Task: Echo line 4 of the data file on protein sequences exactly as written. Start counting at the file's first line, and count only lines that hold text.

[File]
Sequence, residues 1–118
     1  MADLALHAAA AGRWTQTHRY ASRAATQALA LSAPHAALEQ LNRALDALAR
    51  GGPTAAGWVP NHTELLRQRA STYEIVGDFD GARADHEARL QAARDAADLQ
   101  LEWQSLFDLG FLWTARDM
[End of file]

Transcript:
   101  LEWQSLFDLG FLWTARDM